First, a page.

76,000 x 45% = 34,200 / 3.00 Fare / 17 Saturdays = 671
76,000 x 40% = 30,400 / 3.00 Fare / 17 Saturdays = 596

Based on the most recent Monthly Ridership Key Performance Indicators (KPIs) from October 2012, Milton Transit totalled 31,697 boardings that month.  There were 23 days of service. The result is a daily total average of 1,378 boardings. So at first glance, all Saturday service needs to do is operate at half the capacity to meet the 45% R/C target.

However, 930 of the conventional ridership were School Specials and Evening Drop Offs (which will not be included in Saturday service). Also to be noted, October 2012 was an anomalous 5,000 riders higher than any other month, ever. Using the annual average (with the inflated October numbers) of 25,527 boardings per month, the daily average is 1,109 boardings (based on a 23 day service month). Therefore Saturday transit service will need to operate at 60% of conventional weekday service to reach the R/C target, and 53% of the current R/C ratio. Keep in mind, approximately 930 riders (October numbers) of the monthly ridership will be automatically voided due to the fact School and Evening routes will not be offered.

But clearly, this increase in the budget has been called upon by the majority of residents in order for Council to deem it a valuable expenditure? Hardly. Of the 1290 recorded Customer Comments from 2012, 190 (14.7%) were related to weekend service.

But then, Milton Transit must be showing numbers of increasing growth which would demonstrate the need for service growth? Again, hardly. The first graph below indicates that while Milton Transit has been steadily growing since Q1 of 2010, with the biggest spike between Q3-Q4 2010, 2012 has not been a growth year. In fact, this has marked the first year since 2008 where quarterly numbers failed to meet the previous quarter back-to-back (ie. 2012 Q2 was less than 2012 Q1, and 2012 Q3 was less than 2012 Q2).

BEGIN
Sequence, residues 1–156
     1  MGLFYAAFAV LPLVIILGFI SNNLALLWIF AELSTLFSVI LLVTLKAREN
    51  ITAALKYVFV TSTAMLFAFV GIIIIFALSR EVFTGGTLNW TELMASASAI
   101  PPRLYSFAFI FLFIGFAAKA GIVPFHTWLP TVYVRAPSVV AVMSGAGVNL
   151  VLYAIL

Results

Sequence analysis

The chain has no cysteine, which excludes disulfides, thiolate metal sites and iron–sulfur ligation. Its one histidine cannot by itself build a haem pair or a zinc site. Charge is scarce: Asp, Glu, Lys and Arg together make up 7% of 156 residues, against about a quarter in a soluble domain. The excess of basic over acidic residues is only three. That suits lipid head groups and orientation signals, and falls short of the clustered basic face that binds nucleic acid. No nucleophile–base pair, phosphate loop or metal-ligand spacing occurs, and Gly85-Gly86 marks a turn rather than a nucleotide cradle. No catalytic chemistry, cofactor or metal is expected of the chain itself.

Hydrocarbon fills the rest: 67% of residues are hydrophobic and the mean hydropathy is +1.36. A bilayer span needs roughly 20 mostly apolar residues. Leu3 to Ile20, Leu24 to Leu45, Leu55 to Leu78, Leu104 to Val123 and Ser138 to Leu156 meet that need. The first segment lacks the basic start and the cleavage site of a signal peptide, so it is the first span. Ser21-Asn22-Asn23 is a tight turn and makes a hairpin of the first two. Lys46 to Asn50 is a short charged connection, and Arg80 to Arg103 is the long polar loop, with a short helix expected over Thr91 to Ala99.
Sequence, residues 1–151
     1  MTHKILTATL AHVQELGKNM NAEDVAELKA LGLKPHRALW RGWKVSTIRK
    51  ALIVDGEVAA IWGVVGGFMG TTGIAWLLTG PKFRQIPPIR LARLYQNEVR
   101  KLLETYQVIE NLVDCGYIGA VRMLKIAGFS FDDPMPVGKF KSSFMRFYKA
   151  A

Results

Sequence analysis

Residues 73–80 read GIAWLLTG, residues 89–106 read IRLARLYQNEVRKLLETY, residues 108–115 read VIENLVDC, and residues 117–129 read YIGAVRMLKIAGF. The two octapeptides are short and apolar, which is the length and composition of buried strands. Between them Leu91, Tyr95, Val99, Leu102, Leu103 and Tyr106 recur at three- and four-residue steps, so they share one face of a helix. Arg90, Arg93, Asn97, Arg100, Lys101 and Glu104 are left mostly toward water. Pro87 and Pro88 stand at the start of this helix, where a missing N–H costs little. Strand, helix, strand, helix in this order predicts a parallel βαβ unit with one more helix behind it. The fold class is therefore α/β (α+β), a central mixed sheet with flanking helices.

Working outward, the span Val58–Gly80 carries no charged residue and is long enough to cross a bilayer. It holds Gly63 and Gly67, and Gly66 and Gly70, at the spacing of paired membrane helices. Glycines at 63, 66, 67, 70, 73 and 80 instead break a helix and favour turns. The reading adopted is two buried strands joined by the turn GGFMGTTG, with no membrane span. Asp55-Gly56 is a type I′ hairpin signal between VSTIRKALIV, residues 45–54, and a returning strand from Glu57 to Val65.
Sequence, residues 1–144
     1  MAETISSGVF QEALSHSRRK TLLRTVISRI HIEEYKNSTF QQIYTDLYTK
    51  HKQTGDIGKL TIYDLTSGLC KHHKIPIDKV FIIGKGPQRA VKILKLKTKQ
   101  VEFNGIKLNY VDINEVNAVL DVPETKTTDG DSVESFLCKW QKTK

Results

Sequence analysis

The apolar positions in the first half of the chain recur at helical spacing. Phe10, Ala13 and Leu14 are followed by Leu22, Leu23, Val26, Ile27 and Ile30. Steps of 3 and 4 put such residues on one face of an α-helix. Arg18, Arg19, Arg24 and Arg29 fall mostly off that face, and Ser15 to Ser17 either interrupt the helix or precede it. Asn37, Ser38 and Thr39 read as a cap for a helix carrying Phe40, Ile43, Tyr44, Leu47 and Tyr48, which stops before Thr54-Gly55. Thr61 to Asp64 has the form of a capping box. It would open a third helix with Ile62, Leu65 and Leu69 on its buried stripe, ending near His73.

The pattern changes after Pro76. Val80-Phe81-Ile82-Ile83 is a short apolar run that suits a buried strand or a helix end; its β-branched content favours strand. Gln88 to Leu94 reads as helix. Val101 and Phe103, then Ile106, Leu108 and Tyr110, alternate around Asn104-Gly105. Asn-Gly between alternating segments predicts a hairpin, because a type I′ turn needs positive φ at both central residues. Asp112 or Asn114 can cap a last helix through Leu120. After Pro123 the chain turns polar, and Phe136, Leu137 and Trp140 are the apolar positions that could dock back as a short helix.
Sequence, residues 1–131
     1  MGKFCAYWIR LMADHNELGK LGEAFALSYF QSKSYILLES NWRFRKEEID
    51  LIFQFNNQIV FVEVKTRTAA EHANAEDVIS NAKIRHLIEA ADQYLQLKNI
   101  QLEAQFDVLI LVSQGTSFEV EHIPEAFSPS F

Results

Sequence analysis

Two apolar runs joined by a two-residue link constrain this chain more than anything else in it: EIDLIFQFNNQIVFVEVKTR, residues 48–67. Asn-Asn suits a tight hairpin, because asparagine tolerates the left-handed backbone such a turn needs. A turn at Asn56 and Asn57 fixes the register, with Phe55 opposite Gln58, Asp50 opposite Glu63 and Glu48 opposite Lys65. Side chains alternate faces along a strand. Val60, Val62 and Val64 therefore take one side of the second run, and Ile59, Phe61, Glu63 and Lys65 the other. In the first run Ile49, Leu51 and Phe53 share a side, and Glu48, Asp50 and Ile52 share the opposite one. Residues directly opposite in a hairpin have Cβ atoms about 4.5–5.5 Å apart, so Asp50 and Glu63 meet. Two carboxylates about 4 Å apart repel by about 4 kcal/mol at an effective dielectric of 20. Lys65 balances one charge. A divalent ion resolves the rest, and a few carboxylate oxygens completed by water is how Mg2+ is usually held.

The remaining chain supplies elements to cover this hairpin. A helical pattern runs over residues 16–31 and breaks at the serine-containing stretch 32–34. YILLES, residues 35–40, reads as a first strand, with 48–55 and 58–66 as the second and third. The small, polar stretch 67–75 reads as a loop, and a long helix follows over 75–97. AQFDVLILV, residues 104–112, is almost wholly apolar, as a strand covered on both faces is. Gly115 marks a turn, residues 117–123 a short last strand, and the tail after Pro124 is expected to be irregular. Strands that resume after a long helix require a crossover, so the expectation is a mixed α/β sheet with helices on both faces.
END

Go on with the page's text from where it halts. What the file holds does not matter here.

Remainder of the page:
The next chart confirms the findings of the chart above, but shows the actual numbers, not the percentage.

While the overall ridership has grown dramatically, Milton Transit has reached a point where actual ridership is being lost.

The last graph shows that Milton Transit has already experienced the boom on ridership Annual Quarter to Annual Quarter.

Example – the biggest argument you will hear from staff is that numbers are always down in the summer. That is true. And numbers pick way up come September. Also true.

So I have compared the growth between Quarters in subsequent years. Notice that the greatest increase (almost unforeseen in Transit) was almost 90% growth! That was when Milton Transit attracted the most riders, and since that time, Annual Quarter to Annual Quarter has dropped significantly – almost to the point of stagnation.

Clearly, these are not promising numbers to a system that wishes to add service.  My opinion is that this is a way to promote conventional weekday service through offering the Saturday service. Which for $76,000 is a cheaper way to advertise, while still offering the service.

Add to that the findings from Dillon Consulting that 56% of all Milton Transit trips start or end at the Milton Go Station. It is not a stretch to submit that the majority of those riders are Go Service users (specifically, Go Train).

Considering the fact that the Go Train does not operate on Saturdays, I would also submit that to attain any reasonable level of ridership without Go Train users (and hence Evening Drop Off’ers), and School Specials, is highly improbable and I would challenge staff or Milton Transit to divulge any relevant statistics or findings to indicate otherwise.

I believe this to be a case of ‘We Should Do This Because That’s What Cities Do’, not ‘We Must Do This For The Betterment of Milton’.